We also must get much more serious about helping our SMEs access not just credit, but affordable credit. The ECB’s latest statistics show that Irish companies are paying on average 5.8% interest on loans under €250,000. In France the average rate is 2.4%; in Austria it is 2.2%. Our firms are therefore paying between 60% and 100% more for their credit. We need our firms to be internationally competitive but they will only become competitive if they can borrow at the same rates as the international firms – the French, Austrian and American firms – with which they are competing.

There are many things we can do here. We can work with the banks to find ways of reducing their average cost of capital. We can establish a community banking system. The credit unions alone have about €8 billion on deposit that they are waiting to use and lend out but because of the current legislation, the Central Bank rules, they are not able to do so. We need to make firms much more aware of the Credit Review Office. When firms go to the Credit Review Office they are getting very positive responses. If one does a straw poll of the firms, however, to ask them whether they are aware of the Credit Review Office and the other supports around, be it the local enterprise offices, LEOs, or other areas, the level of awareness is not that good. There is therefore very important work to be done to reach out to the SME sector and educate SMEs as to what is already available.

Ireland’s investment in infrastructure needs to be increased. This is critical. IBEC, ISME and everybody else are calling for it. I understand investment levels are about half of the OECD average at the moment, at about 2.2% of GDP. We must get the national broadband plan back on track. The dates that are now being used have been pushed in some cases by two years so far. It is already slipping a lot, and my fear is that it will continue to slip. It is probably the single most important piece of strategic infrastructure required for job creation in the country at the moment.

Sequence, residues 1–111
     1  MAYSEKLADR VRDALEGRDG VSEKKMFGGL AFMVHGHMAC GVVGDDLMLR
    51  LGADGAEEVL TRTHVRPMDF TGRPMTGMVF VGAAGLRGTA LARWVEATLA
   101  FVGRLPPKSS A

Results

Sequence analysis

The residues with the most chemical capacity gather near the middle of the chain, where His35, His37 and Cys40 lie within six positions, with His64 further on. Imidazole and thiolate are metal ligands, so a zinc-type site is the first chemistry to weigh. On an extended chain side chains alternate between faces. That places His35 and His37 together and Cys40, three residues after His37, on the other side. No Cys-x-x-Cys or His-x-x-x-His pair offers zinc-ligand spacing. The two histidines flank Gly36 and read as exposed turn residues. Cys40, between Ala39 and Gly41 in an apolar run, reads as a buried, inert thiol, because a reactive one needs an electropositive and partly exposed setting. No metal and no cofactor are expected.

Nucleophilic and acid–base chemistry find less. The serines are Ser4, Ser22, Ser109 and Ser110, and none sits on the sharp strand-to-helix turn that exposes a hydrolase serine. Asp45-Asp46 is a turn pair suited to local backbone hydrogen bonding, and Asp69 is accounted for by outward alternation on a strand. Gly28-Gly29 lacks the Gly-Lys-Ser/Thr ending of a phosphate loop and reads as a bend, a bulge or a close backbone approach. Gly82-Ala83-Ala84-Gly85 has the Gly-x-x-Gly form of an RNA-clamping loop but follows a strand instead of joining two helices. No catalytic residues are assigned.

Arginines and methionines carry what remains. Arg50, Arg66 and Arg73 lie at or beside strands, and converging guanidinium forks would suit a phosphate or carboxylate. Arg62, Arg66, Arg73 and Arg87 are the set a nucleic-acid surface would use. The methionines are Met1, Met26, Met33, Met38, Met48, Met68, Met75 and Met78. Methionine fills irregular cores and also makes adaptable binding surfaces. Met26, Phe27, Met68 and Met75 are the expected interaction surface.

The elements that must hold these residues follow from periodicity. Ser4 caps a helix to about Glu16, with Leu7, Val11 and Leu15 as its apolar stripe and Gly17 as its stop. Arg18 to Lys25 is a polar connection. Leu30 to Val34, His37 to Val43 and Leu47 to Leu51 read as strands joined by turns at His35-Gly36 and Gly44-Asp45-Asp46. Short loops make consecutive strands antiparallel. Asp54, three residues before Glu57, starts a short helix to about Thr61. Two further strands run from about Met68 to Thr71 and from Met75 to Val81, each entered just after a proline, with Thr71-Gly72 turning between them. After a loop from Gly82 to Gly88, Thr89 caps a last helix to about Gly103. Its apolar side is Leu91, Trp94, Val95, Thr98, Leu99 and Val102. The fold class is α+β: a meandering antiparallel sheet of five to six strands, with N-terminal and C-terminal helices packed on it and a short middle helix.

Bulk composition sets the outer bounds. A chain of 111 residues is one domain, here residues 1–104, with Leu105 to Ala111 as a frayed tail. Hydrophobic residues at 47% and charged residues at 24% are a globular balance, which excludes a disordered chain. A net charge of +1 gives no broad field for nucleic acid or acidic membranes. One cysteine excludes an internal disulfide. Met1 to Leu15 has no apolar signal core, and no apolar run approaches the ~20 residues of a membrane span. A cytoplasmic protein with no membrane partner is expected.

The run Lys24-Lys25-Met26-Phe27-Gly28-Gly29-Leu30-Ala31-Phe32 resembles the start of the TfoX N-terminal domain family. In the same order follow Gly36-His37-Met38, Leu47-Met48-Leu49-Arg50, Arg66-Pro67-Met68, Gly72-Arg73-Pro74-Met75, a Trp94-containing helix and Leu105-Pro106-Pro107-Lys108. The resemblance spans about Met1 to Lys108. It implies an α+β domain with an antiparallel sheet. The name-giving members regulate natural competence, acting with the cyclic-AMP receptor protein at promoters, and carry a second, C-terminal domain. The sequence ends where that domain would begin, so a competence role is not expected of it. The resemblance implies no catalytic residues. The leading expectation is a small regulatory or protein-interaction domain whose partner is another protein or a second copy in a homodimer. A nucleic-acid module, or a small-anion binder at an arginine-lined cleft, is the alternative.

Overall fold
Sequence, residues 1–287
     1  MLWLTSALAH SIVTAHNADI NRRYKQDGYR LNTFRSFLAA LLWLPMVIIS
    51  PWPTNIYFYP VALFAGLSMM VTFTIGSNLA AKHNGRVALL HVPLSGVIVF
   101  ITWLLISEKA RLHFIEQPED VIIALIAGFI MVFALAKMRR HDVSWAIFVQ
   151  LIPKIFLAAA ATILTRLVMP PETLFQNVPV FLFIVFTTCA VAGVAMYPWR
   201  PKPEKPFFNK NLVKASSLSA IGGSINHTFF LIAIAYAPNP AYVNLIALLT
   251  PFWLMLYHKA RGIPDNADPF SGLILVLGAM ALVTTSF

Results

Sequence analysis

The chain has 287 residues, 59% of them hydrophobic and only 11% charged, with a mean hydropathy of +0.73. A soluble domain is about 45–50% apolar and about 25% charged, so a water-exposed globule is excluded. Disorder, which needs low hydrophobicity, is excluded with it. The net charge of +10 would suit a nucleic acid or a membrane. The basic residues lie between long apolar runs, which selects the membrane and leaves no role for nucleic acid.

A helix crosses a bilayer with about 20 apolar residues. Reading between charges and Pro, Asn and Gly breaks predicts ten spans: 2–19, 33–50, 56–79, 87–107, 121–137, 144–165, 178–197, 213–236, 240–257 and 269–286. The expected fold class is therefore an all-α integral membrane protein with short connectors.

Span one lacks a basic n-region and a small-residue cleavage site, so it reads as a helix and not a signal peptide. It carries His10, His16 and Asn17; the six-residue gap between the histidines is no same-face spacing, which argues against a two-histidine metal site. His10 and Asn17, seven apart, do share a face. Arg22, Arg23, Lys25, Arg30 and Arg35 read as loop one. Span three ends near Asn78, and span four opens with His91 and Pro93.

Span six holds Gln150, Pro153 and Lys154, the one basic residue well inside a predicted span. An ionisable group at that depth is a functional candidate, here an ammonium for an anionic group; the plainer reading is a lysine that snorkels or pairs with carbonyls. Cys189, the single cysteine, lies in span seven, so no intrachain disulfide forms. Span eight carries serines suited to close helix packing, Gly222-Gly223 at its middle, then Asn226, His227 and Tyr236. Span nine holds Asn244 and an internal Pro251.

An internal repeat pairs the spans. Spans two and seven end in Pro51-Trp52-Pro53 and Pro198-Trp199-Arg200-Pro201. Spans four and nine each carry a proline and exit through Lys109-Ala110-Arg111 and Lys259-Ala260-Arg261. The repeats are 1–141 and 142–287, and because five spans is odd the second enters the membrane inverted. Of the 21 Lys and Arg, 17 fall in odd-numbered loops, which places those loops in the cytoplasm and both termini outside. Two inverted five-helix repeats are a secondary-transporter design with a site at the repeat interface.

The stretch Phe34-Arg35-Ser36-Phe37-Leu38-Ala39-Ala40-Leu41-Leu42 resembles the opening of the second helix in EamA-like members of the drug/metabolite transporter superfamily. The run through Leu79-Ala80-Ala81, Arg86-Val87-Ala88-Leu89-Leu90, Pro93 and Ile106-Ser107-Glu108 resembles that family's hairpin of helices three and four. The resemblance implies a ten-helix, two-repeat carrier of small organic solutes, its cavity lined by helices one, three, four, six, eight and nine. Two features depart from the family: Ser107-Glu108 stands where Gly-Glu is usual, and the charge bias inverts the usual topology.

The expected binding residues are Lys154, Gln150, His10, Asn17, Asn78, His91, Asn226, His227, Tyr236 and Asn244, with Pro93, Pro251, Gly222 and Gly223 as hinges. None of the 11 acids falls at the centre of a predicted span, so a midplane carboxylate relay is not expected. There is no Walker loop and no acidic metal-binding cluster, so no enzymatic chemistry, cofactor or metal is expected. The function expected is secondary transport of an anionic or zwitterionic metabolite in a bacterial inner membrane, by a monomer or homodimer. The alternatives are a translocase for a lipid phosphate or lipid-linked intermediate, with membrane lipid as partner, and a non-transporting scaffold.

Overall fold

Some very critical transportation links also need to be completed. A high-quality connection between Cork, Limerick and Galway is one and the ring road in Galway for the multinationals is another. The latter has become a car park. It has become so bad that many people are saying they cannot get to and from work, so very serious investment is needed.

We probably agree on the need for investment. Where we may disagree – I ask the Minister to have a very serious think about this – is that if we are to be serious about having the money to invest, then a tax erosion policy is not the way to go. We are a fairly low-tax economy, so I ask the Minister to consider that if we are to have the money to invest, further erosion of the revenue base is not the way to proceed.

We must also invest in education. The Minister has a serious background in education. Class sizes are still far too high. Per-student investment in third level has fallen off a cliff in the last eight years. It is at about 50% of what it used to be. Funding to basic scientific research has been cut by about 60%. That may save a few euro today, and maybe it was necessary in the recession, but it is cutting off a pipeline of innovation and high-calibre scientific research for decades to come, something that must be addressed.

There are also many ways of making business easier in Ireland. We can reform the commercial rates regime, not to just take into account the theoretical value of the property, but also to perhaps take into account turnover. Perhaps we should also consider the number of people employed so that we do not disadvantage small firms competing with bigger firms or higher-turnover ones, such as some of the supermarkets. They have the same footprint as smaller firms but a huge turnover and therefore pay much less tax as a percentage of revenue or profit.

We can simplify compliance for small businesses all over the place. We can implement a user-friendly web portal. The Norwegians did this very successfully in 2003. It is called Altinn and we should examine it. It was established for tax compliance and is used for a range of services in Norway. We need something similar here.

The Commission for Energy Regulation, ComReg, urgently needs to be tasked with examining energy prices. They are far too high for households and businesses. It must be systematically addressed. There are many ways we can make it easier for people to go to work. Child care is a major trap for people returning to work. New apprenticeship programmes, including advanced qualifications would be very useful, as would equalisation of tax credits for the self-employed and social protection. Making research and development tax credits much easier for small firms to access would be very useful. I would love if innovation were taught as part of our educational curriculum in some way.

Ireland is a very small country competing in a highly competitive and increasingly globalised world. It is not enough for us to be successful in attracting foreign direct investment and multinationals which can leave just as quickly as they arrive. We must back our own businesses as much as we do the multinationals, and we can. The Social Democrats have laid out a wide range of ideas and I would be delighted to sit down with the Minister, her team and officials and go through them. Now is the time for significant investment and to systematically reduce costs, remove barriers for people returning to work, back our indigenous sector and be just as ambitious for our indigenous sector as we are and should be for the multinationals.